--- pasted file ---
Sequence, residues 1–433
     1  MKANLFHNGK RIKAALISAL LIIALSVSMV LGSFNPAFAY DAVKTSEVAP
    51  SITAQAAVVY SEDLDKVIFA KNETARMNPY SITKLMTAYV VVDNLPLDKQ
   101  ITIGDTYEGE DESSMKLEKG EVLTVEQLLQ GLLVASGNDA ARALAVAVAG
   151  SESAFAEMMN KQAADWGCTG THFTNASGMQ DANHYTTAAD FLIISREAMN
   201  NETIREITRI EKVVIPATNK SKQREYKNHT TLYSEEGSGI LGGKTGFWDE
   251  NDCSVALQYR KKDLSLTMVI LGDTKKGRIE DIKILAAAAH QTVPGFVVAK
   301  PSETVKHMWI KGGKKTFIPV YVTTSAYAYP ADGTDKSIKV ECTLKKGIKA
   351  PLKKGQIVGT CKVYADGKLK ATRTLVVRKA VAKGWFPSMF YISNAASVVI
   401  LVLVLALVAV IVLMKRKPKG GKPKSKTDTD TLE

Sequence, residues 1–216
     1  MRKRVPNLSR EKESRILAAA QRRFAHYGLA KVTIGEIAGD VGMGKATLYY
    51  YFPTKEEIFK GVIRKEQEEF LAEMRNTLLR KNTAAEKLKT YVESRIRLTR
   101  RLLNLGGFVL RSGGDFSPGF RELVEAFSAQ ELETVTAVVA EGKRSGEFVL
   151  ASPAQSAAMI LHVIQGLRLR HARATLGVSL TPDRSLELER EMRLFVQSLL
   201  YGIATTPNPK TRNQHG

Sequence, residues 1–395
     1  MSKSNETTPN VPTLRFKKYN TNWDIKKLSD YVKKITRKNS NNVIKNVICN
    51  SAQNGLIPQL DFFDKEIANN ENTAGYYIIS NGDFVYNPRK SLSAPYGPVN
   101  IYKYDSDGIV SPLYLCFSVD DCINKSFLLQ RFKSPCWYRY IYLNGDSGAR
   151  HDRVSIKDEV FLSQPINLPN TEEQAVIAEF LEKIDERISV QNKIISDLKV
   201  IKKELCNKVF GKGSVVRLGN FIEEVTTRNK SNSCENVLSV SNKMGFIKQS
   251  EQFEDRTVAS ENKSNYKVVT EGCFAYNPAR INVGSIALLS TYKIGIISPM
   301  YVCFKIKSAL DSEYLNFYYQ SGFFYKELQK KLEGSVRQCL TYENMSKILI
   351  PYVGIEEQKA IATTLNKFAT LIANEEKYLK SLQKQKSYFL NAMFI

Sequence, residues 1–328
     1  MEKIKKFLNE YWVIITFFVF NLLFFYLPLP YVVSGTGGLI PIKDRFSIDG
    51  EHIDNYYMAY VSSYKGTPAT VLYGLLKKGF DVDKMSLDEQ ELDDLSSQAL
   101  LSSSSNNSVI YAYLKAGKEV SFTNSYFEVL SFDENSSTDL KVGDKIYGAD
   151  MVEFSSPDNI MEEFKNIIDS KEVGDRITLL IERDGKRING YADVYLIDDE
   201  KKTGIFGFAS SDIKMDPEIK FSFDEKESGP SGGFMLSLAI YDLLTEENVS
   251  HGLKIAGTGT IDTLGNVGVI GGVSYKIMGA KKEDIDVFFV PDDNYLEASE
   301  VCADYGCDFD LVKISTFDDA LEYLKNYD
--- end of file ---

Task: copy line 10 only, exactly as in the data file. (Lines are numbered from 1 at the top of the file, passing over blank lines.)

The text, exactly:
   401  LVLVLALVAV IVLMKRKPKG GKPKSKTDTD TLE